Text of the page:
April is Minority Health Month
Since 2004, the Tennessee Office of Minority Health has observed National Minority Health Month. Through a proclamation signed by Governor Phil Bredesen, Tennessee has again joined the national call to officially designate April 2007 as Tennessee’s Minority Health Month. As an extension of Minority Health Month, the Tennessee Office of Minority Health is sponsoring the daylong Minority Health Month Summit “Heart Disease and Stroke Prevention: Embracing Our Hearts.”
“While our state is dedicated to providing better health options to all of our citizens, I designated April as Minority Health Month to highlight the health status of our minority populations in Tennessee,” said Governor Bredesen. “We, along with partnering health care providers across this state, strive year-round and long-term to work comprehensively to eliminate health disparities.”
Minority Health Month helps raise awareness of health disparities and other health issues that largely impact minority populations. The observance is designed to address not only the needs of African-Americans, but also Hispanic, Asian-American and Native American communities in Tennessee.
“It is our goal to stimulate the consciousness of other government agencies, community and faith-based organizations, and individuals, motivating them to support policies that will encourage good health practices to promote the reduction of health disparities in Tennessee,” said Health Commissioner Susan R. Cooper, MSN, RN.
In collaboration with Department’s Community Services section and the Tennessee Minority Health and Community Development Coalition, Inc., the Office of Minority Health invites participation in the second annual Minority Health Summit. Hosted by State Representative Johnny Shaw, the conference will be held at the West Tennessee Research and Education Center, located at 605 Airways Boulevard in Jackson, on Friday, April 20, 2007, from 8:30 a.m. to 3:30 p.m. Planned breakout meetings during the Summit include “Status of the Heart,” “Guiding Health Hearts,” “Your Health Is In Your Hands,” and “Race and Cardiovascular Health.” There are a limited number of slots remaining. To register for this event, please contact the Office of Minority Health at (615) 741-9443.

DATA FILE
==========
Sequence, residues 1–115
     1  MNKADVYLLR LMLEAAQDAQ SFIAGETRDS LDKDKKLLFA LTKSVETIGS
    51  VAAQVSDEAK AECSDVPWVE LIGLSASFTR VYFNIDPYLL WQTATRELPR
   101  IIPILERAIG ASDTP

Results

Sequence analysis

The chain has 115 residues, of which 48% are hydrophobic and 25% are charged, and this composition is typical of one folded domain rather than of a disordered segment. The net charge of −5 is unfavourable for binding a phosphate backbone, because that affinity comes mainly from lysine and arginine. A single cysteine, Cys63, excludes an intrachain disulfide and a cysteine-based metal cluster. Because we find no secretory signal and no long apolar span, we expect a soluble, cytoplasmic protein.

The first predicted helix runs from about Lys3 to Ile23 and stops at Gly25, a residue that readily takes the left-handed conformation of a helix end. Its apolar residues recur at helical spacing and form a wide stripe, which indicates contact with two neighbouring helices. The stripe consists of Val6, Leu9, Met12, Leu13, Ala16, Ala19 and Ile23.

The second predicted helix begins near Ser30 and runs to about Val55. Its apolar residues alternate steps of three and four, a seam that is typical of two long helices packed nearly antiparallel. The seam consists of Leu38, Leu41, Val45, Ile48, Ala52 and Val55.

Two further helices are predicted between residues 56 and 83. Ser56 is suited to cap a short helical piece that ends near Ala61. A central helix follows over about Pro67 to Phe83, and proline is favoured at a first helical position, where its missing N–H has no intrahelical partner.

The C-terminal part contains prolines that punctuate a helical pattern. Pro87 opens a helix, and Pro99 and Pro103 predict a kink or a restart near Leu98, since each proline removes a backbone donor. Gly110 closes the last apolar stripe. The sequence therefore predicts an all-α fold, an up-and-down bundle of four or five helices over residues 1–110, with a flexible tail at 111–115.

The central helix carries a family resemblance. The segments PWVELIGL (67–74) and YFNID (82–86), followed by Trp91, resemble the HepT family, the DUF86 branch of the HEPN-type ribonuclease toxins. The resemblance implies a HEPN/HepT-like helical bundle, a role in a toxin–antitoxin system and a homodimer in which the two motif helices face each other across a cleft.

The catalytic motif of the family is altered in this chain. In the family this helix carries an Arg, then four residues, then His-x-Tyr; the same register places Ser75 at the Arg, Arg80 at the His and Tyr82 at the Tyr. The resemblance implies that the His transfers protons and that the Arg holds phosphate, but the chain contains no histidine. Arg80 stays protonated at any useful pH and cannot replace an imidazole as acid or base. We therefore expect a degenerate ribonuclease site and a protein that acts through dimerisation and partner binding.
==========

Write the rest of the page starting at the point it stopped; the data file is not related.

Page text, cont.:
“April brings national attention on health and socioeconomic issues that disproportionately affect minority communities in the United States,” said Robbie Jackman, executive director of the Tennessee Office of Minority Health. “Beyond raising awareness, this month is also an opportunity for individuals, institutions and communities to pool their resources to eliminate health disparities through local health-related activities and events. By embracing a common agenda of improving health outcomes for communities of color, Tennessee can improve and sustain a higher quality of living for all communities.”
Tennessee’s focus for Minority Health Month this year is cardiovascular disease. According to a recent report released by the Centers for Disease Control and Prevention, Tennessee ranked number four in the nation with 7.4 percent of adults who suffer from heart disease, angina (chest pain) or who had a history of heart attack. Unfortunately, the effect that heart disease and stroke has on the African-American population is even more pronounced. The 2005 death rates for both heart disease and stroke for African-Americans in Tennessee were 1.2 times the rate of white Tennesseans.
The Tennessee Office of Minority Health is compiling a comprehensive calendar of events planned for April. The listing of events is available at www2.state.tn.us/health/minorityhealth.
For information on the Minority Health Month Summit and other planned activities in Tennessee, please contact the Tennessee Office of Minority Health at (615) 741-9443 or toll free at 1-877-606-0089.